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Musings on Men’s Grooming

Young men in Europe and the U.S. are less shy than their grandfathers about stepping up to the skin-care counter.

Young men in Europe and the U.S. are less shy than their grandfathers about stepping up to the skin-care counter, and once they’re hooked on a fragrance, they’ll keep buying the same one for years.

These are some of the insights Joanne Crewes, president of Procter & Gamble Co.’s Prestige division, and Veronique Gabai-Pinsky, global president of the Estée Lauder Cos. Inc.’s Aramis & Designer Fragrances division, shared with WWD. Other observations include:

Product Efficiency

Whereas women can be relentless in trying out skin-care creams and lotions, “for a man, it has to work, and it has to work fast, today,” said Gabai-Pinsky. “It has to give immediate results.…Men are not going to use seven products in a day.”

“Men tend to approach the beauty and grooming category with a much more functional mind-set compared to women,” said Crewes. “We have done research that shows that the number-one attribute a brand can have as a driver of purchase is to be perceived as ‘a brand I can trust.’”

Age


For fine fragrances, “the point of market entry for men, especially in the Western world, tends to be about two to three years later than that of women, on average around 17 or 18,” Crewes noted. “That said, regular use of prestige fragrances intensifies around age 25 to 30 as financial independence begins, more disposable income is earned and there is an increased focus on attracting members of the opposite sex. Fragrance usage habits change as men reach their mid-40s and early 50s, when career and life relationships are much more stable.”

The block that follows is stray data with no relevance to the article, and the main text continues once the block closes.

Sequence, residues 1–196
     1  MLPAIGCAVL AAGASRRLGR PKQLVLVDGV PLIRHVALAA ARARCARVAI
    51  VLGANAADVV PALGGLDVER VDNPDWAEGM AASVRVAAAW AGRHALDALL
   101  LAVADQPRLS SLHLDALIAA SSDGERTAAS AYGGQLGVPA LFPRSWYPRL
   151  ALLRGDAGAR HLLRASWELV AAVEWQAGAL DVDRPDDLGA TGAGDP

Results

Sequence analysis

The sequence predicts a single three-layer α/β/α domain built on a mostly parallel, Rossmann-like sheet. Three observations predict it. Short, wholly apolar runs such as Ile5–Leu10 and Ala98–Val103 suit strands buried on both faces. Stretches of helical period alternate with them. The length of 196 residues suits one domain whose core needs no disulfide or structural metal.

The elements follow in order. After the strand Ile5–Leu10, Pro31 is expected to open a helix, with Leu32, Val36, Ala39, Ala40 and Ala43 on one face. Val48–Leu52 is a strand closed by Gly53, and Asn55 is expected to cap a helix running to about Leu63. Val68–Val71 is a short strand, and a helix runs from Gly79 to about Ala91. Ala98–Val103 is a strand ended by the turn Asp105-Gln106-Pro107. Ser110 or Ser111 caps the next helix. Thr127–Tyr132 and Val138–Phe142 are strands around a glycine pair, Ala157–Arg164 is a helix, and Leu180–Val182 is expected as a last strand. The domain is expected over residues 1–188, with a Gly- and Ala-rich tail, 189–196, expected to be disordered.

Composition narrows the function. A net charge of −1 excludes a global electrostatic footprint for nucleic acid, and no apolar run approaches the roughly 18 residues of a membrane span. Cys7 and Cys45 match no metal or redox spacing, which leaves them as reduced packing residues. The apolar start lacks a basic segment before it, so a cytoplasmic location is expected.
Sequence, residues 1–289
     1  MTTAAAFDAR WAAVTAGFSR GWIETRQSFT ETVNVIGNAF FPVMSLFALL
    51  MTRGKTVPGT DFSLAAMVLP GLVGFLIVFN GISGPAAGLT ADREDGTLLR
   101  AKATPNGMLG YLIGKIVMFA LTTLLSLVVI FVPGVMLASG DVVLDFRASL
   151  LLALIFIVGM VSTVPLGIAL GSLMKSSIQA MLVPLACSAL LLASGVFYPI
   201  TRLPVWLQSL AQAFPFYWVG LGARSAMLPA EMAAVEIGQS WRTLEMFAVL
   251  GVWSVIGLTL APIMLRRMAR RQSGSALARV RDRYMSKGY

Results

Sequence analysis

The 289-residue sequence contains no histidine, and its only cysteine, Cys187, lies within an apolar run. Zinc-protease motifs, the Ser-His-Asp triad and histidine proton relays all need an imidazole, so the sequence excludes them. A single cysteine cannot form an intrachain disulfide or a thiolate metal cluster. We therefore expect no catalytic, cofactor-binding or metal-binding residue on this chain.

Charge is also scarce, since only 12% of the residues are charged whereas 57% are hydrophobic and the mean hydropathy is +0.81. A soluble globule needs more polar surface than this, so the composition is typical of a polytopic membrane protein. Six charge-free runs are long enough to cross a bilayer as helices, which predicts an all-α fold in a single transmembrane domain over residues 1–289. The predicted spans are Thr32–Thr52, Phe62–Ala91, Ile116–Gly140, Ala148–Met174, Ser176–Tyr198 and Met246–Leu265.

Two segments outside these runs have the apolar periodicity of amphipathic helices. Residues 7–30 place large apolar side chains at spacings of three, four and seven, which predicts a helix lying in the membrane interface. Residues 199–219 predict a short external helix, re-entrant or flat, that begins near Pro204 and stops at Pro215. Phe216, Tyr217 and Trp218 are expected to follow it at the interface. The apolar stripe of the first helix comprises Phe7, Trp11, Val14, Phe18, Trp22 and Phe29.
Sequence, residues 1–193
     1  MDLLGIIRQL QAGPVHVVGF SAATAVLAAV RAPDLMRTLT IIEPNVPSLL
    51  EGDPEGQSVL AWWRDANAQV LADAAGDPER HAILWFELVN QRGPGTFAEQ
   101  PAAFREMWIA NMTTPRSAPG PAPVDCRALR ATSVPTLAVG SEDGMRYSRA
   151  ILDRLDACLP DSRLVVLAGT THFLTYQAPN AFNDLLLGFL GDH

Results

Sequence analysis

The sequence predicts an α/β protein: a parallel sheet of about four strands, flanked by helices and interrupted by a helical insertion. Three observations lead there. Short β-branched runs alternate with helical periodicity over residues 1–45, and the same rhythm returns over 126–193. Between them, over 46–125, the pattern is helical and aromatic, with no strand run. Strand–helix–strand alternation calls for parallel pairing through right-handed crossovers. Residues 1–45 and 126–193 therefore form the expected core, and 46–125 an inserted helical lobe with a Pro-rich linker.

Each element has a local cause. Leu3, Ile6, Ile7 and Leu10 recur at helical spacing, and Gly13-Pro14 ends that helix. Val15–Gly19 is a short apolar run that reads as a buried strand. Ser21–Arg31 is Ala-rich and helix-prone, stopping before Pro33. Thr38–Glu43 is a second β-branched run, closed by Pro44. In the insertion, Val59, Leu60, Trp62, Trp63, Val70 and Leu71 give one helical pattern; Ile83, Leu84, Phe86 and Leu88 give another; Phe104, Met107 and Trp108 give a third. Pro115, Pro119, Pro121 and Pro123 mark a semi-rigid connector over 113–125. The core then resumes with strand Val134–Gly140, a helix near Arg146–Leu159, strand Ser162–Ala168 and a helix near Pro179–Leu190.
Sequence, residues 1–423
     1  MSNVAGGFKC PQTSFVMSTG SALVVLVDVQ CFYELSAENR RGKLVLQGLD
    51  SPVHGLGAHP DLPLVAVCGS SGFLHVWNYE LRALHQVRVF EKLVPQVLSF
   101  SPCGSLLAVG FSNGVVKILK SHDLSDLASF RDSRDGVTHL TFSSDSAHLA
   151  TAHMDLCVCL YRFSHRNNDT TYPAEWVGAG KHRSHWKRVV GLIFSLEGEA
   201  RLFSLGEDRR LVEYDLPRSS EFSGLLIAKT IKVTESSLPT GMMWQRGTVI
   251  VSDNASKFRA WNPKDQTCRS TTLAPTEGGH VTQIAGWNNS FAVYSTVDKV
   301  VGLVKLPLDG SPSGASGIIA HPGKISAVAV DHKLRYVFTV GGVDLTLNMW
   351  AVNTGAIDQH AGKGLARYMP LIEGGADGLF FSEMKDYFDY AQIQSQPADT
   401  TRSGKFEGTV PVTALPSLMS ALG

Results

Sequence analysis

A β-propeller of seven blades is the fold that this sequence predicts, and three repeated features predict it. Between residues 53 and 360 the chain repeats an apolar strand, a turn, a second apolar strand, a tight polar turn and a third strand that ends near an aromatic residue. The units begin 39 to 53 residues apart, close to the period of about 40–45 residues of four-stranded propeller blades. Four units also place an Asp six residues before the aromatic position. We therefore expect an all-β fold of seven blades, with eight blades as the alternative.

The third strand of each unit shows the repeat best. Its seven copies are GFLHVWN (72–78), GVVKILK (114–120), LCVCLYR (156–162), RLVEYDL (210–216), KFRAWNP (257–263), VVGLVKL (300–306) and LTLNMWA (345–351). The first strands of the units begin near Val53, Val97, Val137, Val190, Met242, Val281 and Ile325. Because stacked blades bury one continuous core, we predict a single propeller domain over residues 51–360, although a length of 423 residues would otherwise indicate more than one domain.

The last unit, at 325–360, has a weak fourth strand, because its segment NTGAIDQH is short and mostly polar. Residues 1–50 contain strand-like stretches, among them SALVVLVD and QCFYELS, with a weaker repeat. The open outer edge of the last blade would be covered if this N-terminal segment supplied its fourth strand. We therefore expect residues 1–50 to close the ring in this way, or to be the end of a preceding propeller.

Advertising

“Men are attracted to the story behind the brand,” said Gabai-Pinsky. “From an advertising point of view, it’s really this aspirational quality that matters. Men measure themselves through their achievements, and through the idea of becoming a greater man than you are today.”

“Men look for advertising that allows for ‘role identification,’ essentially the ability to look at a TV ad or piece of print and say, ‘I want to be like that,’ or ‘I can see myself in the role of this person,’” said Crewes. “They also want to deal in reality. Men are much less interested in imaginative stories in the beauty category.”

The Generation Gap

“The younger you are, the more prone you are to trying skin products. You don’t have any reservations,” said Gabai-Pinsky. Still, she noted, while the male beauty market is rapidly growing, it is still largely dedicated to shaving-related products. To lure more men into the fold, Lauder is introducing a new product this spring that combines shaving care and skin treatment.

“The changing dynamics in lifestyle and life stage have opened men up to the idea of taking better care of their skin,” observed Crewes. “That said, most men in the Western world tend to prefer a simple skin-care regimen. A cleanser and a moisturizer are usually where most men start. After that, you will find a few of the more ‘skin involved’ men purchase items like toner or serum, especially for the eyes.”